While political debate over Connecticut highway tolling remains at a standstill, Gov. Ned Lamont’s administration warned about federal backlash over a state-of-good-repair backlog.
Washington has a bull’s-eye on the state, according to the governor and his transportation secretary, Joseph Giulietti.
“The warning light’s on the dashboard,” Lamont said in Hartford at a press conference laced with auto metaphors. “And we would be subject to some penalties if we don’t [keep] our roads and bridges in good repair.”
Lamont, a first-term Democrat, and top legislators from both parties huddled Wednesday, in their first significant meeting since passing a $43.2 billion biennial budget on June 6. They remained at loggerheads over how to catch up on an estimated $800 million state-of-good-repair backlog.
Even a special session Lamont is seeking to resume tolling is still in question, though separately, lawmakers plan some overtime this summer to discuss a bonding package related to school construction and other local projects.
Giuletti said roughly 85% of Connecticut’s highways and bridges are in state of good repair, but that number would plunge without a transportation funding boost.
“We’re not talking about right at this moment,” Giuletti said. “We’re talking about the 10-year projections based on what we see coming at us.”
Federal action, he said, could range from strict funding provisions to a slash in aid.
Connecticut’s political divide is a roadblock to a resolution over tolls.
“There’s a lot of pent-up history in that room, and a lot of folks who feel skeptical about government failing to keep up with its word,” Lamont said.
Lamont’s latest proposal to lawmakers would lower taxes and credits on the E-ZPass toll payment system for low- and middle-income residents. His original working draft called for up to 50 tolling gantries on interstates 84, 91, 95 and parts of state Route 15.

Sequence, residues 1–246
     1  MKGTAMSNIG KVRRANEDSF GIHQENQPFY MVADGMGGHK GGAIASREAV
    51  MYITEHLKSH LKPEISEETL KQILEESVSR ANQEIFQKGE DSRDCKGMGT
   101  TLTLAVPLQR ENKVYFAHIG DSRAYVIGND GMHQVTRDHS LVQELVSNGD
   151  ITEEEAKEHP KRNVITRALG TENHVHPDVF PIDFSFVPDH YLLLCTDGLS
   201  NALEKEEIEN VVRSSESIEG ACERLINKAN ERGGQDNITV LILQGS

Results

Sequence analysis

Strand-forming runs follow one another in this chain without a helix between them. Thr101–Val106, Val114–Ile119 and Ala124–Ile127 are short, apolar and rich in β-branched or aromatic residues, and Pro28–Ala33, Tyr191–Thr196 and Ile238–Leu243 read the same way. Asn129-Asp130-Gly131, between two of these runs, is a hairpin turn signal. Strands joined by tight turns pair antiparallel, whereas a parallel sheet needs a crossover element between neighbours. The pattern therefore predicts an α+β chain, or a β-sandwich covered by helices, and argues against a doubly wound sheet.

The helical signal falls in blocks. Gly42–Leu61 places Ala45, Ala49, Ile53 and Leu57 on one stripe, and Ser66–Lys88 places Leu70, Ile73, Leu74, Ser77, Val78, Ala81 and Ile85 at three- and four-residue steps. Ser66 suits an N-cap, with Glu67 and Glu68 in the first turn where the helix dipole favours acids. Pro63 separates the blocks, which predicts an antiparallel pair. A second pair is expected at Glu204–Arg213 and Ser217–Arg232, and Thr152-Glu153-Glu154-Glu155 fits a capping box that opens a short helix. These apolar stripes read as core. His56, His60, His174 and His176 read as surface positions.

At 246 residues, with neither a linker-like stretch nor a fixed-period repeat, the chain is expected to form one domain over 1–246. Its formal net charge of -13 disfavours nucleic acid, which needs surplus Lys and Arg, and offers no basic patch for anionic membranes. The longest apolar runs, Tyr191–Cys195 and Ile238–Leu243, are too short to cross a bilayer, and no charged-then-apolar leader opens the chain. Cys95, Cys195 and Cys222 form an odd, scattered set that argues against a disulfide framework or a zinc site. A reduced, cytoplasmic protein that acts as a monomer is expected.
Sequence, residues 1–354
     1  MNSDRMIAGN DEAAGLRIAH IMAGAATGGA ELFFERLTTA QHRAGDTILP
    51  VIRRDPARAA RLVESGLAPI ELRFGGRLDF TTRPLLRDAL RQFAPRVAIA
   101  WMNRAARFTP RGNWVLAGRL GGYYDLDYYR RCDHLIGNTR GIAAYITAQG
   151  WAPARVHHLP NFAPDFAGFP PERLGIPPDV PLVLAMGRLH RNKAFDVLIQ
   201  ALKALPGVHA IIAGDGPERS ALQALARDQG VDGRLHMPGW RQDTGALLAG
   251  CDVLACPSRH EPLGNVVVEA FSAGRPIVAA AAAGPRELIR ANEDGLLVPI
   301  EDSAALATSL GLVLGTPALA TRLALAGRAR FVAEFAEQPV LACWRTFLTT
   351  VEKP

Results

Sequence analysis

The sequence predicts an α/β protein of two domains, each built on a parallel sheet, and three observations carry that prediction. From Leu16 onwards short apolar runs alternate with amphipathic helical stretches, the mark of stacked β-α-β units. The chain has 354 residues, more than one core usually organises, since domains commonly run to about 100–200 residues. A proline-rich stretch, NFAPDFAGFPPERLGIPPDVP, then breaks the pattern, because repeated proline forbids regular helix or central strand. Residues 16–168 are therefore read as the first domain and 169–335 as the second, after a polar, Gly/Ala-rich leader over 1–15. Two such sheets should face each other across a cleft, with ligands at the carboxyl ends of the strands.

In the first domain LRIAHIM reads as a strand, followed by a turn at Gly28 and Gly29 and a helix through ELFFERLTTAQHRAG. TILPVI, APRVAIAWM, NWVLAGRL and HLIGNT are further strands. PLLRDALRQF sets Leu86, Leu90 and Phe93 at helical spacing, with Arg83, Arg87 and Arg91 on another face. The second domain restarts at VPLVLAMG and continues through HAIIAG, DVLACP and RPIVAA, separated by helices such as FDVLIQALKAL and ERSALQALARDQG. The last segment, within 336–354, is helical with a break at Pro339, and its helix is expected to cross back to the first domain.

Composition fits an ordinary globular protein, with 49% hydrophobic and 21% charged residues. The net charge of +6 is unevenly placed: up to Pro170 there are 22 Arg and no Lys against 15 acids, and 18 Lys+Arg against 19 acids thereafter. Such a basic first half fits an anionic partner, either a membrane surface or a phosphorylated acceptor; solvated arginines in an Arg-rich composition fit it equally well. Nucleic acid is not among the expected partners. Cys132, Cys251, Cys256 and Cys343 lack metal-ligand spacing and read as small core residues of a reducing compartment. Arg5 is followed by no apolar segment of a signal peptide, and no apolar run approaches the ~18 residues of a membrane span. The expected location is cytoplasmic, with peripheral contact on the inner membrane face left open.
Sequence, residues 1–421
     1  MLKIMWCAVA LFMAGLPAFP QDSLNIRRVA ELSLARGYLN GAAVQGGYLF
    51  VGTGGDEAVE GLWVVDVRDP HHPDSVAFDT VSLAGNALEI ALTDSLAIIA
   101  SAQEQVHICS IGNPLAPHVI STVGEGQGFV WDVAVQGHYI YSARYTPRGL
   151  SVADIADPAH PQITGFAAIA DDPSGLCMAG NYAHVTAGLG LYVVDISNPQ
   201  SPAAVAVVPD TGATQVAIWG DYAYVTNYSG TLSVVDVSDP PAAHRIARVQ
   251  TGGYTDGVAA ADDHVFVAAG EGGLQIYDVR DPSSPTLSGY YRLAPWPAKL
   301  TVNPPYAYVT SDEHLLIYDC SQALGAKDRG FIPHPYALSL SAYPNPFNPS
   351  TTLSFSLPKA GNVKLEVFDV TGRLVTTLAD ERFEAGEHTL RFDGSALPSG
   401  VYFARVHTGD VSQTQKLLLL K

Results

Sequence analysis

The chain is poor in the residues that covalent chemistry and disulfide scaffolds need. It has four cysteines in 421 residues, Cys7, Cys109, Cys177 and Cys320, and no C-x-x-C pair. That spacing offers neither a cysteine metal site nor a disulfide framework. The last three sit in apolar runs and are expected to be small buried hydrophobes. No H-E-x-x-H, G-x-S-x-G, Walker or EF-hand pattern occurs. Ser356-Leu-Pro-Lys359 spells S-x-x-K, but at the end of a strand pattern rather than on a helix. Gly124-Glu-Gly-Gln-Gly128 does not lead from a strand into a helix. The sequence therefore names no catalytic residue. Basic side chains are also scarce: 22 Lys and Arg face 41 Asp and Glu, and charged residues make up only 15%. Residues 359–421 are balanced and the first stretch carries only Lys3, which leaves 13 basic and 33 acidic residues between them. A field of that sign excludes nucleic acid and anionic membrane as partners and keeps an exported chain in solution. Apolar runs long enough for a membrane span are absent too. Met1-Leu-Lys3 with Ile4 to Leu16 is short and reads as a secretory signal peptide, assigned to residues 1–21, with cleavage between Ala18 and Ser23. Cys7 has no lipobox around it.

Democrats, who hold 90-60 and 22-14 advantages in the House of Representatives and Senate, respectively, are divided over tolling.
Republicans unanimously oppose the tolls.
A GOP plan would require the state to reserve a set amount of general obligation bonds for transportation priorities, beginning with a $704 million commitment in calendar year 2020.
It would also preserve special tax obligation bonds dedicated to transportation and re-establish the Transportation Strategy Board to work alongside the state Department of Transportation to assess proposed projects.
“No, we don’t support tolls, period,” said Senate Minority Leader Len Fasano, R-North Haven.
Fasano said the Lamont administration glossed over particulars on Wednesday. “They just threw out a lot of numbers very quickly, like the Federal Express guy, very fast.
“You can’t do infrastructure in the state of Connecticut the way they do it in California,” Fasano said. “Connecticut is divided among east, west, north and south, with Hartford and New Haven the central points.”
Connecticut removed tolls from I-95 and selected bridges in 1985, two years after a crash at the Stratford toll gate killed seven persons. Tolling advocates say the electronic gantries of today are safer.
Border New York, Rhode Island and Massachusetts all have tolling.
According to S&P Global Ratings, as bond and federal funds for capital expenses decline, states are weighing new revenue sources for infrastructure spending, notably on transportation.
“Tolling is also part of the conversation in statehouses, where entirely new methods of taxation to fund infrastructure needs are under consideration,” S&P said.
Moody’s Investors Service rates Connecticut GOs A1, while Fitch Ratings rates them A-plus. Kroll Bond Ratings Agency assigns its AA-minus rating.
Kroll assigns a negative outlook, while outlooks from Moody’s and Fitch are stable.